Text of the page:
Back when I was in the Marine Corps, my boss was a salty old staff sergeant named Staff Sergeant Travis. If, at any point, one of his subordinates would admit to not knowing something, his usual sarcastic response was, “If you don’t know, you better ask somebody!” This wasn’t very funny at the time, but I appreciate it more now, and it actually turns out to be a pretty good mantra for recognizing when you need to know stuff. 

In a completely related vein, ex-NSA staffer and malware-hunting legend Jake Williams (@malwarejake on Twitter and Mastodon) had a very similar suggestion the other day: 

Figure 1: Jake Williams’ Tweet

This is great advice for every Microsoft 365 administrator. Most of us don’t spend much time poking around in the unified audit log, but all of us probably should. I’m going to assume that you’re familiar with the concept of the unified audit log (here’s a quick refresher if you’re not), so instead of teaching you the basics, I want to talk about a few finer points of Microsoft 365 auditing that will be useful to you as you take Jake’s advice. 

You’ll Probably Have to Pay 

Microsoft has changed the way they manage auditing over time. One way they’ve changed is by adding more depth and texture to the audit data, including support for auditing actions (including file open and data changes) in Visio documents and Planner plans. Another way they’ve changed is by changing the underlying licenses required before you can see certain types of auditing data. For example, you’ll only see Planner audit data for users who have the Microsoft Purview audit (premium) license. In general, the sad truth is that the things you are most likely to want to audit all require this premium license. For example, the Send, MailItemsAccessed, and SearchQueryInitiated audit events for Exchange Online are only generated for users who have this license. The only way to ensure that you have complete audit coverage is to pay for E5 licenses for your users: a Microsoft 365 E5 license, an Office 365 E5 license, the Microsoft 365 E5 Compliance, or Microsoft 365 E5 eDiscovery and Audit add-on licenses.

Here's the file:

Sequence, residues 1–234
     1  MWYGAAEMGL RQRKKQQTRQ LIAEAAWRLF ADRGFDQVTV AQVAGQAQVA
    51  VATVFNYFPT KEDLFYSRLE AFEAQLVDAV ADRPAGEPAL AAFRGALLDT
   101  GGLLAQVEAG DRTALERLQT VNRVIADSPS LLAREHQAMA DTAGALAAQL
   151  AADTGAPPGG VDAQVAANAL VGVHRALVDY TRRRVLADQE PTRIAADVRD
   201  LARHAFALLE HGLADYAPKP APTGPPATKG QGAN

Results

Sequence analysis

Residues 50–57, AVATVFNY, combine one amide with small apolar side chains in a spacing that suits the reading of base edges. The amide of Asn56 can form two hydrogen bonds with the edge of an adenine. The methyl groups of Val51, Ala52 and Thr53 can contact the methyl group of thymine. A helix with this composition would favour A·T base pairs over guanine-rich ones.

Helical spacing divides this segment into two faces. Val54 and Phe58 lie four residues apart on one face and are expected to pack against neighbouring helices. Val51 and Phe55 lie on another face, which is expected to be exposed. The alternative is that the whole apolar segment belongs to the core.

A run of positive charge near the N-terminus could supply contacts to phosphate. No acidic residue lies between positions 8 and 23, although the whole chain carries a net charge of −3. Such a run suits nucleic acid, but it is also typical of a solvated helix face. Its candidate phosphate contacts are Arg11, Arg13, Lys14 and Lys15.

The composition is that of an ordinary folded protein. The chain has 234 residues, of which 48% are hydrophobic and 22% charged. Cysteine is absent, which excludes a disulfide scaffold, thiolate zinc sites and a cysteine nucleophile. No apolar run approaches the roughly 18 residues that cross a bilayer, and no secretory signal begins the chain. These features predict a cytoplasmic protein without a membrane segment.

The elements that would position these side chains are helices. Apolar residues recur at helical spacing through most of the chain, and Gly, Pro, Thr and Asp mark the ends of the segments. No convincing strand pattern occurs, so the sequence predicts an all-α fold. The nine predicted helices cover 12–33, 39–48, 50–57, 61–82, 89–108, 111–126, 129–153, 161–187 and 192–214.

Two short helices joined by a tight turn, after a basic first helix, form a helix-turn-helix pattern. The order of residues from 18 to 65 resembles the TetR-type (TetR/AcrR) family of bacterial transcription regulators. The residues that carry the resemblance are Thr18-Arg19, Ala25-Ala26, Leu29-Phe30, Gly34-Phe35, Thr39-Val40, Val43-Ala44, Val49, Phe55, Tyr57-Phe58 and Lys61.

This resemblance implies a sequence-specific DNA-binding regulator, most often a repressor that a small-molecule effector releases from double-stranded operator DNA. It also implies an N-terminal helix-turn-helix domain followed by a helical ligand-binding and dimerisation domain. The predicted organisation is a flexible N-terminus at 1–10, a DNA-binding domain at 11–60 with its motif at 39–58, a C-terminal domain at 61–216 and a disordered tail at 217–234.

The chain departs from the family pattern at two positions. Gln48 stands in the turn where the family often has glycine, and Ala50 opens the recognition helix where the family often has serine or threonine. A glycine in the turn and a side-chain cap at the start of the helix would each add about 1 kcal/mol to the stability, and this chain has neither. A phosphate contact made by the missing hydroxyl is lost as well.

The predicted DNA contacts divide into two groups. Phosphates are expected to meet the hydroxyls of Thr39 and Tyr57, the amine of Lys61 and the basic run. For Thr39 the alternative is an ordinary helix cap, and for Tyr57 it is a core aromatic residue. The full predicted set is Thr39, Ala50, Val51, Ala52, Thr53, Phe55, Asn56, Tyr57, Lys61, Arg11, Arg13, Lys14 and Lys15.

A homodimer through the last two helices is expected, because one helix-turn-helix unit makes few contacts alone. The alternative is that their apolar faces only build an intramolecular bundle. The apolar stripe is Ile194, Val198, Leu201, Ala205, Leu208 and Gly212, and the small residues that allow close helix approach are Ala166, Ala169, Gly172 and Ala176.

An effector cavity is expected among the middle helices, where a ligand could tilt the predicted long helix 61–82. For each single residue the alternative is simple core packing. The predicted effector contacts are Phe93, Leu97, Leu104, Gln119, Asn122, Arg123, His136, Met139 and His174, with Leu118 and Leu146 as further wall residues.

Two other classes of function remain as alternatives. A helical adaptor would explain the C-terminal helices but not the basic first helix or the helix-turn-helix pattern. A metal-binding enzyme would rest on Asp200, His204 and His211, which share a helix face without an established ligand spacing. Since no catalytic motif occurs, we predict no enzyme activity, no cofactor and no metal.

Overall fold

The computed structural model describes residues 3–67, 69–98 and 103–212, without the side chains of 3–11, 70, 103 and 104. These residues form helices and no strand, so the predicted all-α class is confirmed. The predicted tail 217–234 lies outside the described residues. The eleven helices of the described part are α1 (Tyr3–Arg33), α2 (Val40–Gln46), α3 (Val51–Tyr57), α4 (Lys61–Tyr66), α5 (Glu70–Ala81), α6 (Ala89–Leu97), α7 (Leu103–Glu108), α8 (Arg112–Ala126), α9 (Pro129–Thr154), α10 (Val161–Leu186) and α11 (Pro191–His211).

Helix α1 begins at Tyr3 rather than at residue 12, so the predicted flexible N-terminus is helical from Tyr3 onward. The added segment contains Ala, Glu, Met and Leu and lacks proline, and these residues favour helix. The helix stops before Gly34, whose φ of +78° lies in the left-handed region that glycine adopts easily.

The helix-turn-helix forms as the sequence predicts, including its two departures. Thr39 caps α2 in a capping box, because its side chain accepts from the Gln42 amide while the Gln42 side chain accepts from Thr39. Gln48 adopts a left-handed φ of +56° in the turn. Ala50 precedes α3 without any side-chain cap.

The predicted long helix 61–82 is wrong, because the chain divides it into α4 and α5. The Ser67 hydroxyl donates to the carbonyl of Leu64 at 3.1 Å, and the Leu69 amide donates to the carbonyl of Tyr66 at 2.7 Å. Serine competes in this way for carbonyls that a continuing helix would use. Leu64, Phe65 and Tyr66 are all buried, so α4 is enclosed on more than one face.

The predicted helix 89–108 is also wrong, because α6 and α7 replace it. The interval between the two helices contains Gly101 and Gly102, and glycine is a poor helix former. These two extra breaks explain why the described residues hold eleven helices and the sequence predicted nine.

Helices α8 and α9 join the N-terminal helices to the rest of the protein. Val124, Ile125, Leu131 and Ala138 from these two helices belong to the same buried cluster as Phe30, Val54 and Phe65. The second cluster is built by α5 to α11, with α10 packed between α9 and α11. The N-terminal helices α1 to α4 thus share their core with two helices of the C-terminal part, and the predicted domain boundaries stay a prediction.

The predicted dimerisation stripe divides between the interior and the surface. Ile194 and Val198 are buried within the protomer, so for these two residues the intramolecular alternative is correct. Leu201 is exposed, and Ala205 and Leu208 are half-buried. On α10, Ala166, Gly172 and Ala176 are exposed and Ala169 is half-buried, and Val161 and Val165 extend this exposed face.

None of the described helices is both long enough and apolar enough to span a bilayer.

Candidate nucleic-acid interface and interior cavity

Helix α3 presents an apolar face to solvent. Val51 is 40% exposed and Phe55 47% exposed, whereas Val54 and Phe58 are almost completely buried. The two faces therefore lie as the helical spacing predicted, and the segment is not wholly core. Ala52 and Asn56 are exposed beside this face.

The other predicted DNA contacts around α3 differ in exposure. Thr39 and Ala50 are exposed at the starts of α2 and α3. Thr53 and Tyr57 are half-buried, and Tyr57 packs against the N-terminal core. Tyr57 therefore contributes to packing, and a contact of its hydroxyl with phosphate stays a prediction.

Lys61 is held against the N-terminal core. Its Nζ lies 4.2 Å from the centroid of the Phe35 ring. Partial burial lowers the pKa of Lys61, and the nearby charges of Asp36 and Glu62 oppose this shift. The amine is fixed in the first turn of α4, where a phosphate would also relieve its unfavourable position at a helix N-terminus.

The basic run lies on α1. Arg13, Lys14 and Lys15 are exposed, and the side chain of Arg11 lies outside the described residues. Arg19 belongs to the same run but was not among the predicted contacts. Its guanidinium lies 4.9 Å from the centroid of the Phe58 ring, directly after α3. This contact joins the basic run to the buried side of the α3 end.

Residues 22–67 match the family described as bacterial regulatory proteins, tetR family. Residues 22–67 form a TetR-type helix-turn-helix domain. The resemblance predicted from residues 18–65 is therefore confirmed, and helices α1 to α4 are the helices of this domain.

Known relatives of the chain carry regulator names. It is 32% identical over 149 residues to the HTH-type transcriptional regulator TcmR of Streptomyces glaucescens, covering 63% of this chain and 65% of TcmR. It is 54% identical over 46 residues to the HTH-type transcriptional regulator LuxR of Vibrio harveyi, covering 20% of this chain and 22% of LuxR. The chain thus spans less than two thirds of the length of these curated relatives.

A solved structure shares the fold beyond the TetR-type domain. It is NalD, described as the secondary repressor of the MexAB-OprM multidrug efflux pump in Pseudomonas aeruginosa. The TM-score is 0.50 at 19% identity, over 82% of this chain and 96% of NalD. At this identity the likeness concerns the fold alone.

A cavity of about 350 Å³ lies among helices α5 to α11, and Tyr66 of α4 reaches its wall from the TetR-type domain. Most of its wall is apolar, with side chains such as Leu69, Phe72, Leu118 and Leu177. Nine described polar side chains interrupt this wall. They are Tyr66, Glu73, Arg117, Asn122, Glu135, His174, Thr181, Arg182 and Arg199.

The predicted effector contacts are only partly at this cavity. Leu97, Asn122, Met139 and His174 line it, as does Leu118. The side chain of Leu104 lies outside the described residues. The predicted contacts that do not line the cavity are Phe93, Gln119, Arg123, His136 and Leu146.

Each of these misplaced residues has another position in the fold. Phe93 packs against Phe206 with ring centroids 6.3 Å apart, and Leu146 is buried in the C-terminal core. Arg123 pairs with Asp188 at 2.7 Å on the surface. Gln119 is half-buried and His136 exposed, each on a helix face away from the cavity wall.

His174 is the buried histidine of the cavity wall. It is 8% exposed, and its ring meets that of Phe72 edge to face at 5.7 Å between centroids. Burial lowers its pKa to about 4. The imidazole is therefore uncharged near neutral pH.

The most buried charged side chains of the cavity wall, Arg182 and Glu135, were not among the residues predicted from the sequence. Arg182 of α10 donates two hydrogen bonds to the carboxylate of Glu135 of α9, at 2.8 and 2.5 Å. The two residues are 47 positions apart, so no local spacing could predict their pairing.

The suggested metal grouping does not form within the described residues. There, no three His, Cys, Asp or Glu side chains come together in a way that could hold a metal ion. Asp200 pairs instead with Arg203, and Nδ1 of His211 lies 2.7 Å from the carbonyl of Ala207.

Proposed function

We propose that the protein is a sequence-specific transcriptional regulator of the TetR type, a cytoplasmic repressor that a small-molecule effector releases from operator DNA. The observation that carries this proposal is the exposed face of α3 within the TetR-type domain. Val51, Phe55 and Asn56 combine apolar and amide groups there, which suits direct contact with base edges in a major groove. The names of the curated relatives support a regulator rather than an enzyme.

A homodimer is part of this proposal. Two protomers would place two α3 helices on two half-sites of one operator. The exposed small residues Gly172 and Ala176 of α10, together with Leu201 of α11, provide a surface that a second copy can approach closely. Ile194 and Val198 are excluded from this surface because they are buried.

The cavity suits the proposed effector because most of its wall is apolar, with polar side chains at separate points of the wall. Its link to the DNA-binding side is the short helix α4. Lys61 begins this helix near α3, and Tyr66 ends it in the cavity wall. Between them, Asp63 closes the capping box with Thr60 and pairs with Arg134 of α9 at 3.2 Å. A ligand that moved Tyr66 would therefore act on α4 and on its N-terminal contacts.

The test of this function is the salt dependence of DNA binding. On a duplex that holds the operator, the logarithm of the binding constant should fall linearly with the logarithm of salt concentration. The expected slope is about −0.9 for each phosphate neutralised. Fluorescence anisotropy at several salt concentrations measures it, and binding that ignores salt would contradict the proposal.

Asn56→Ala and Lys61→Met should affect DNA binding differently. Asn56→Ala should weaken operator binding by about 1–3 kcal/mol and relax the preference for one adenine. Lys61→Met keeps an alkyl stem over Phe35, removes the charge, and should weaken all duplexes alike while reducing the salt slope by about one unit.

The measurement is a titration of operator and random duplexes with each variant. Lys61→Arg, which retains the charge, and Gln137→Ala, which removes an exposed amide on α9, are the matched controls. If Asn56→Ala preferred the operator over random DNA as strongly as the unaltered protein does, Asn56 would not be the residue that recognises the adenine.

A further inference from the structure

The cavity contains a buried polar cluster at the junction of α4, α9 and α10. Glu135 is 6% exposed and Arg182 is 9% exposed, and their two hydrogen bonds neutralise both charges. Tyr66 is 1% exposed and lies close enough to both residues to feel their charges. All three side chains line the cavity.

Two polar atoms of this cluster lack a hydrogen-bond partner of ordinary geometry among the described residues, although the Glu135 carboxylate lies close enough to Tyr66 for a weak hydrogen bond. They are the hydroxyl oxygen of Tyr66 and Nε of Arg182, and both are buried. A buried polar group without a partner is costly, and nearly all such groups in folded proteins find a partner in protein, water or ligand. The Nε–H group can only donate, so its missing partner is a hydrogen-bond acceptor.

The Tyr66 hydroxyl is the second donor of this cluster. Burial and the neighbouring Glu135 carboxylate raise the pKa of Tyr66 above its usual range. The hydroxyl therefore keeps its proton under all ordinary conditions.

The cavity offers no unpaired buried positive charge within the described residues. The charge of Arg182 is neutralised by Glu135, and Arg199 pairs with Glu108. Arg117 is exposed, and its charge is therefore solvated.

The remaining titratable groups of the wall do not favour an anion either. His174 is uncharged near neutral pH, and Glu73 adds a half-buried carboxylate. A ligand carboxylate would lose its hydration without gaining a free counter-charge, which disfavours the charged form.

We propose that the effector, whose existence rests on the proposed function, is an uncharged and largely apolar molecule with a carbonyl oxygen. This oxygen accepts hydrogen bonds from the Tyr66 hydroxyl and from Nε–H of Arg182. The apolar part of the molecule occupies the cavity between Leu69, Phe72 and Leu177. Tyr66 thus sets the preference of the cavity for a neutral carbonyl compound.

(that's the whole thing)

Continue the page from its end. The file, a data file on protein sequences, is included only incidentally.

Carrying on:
Auditing isn’t Real-time 

It’s tempting to think of audit data as being available in real-time, but that’s not how it works. In reality, audit data entries are mostly generated by individual servers that take action, and then they are collected and aggregated by a number of back-end services running inside Microsoft 365. Microsoft explicitly doesn’t guarantee any particular timeframe for audit data arrival. Instead, they say that “For core services (such as Exchange, SharePoint, OneDrive, and Teams), audit record availability is typically 60 to 90 minutes after an event occurs. For other services, audit record availability may be longer.” It’s better to think of the unified audit log as a way to reconstruct what did happen instead of a way to monitor what is now happening

Absence of Evidence is not Evidence of Absence 

There are multiple ways to search the audit log: you can use Purview, you can use the Exchange PowerShell cmdlet Search-UnifiedAuditLog, or you can use Microsoft Graph. However, if you run the same search using all of those methods, you may find that you see different results—it appears that there are still some bugs or limitations in the Graph endpoints used for searching the log (see this example from Office 365 MVP Glen Scales). Just because you run a search of the audit log using Graph and don’t find any results, you may not be able to assume that the activity you’re looking for didn’t occur.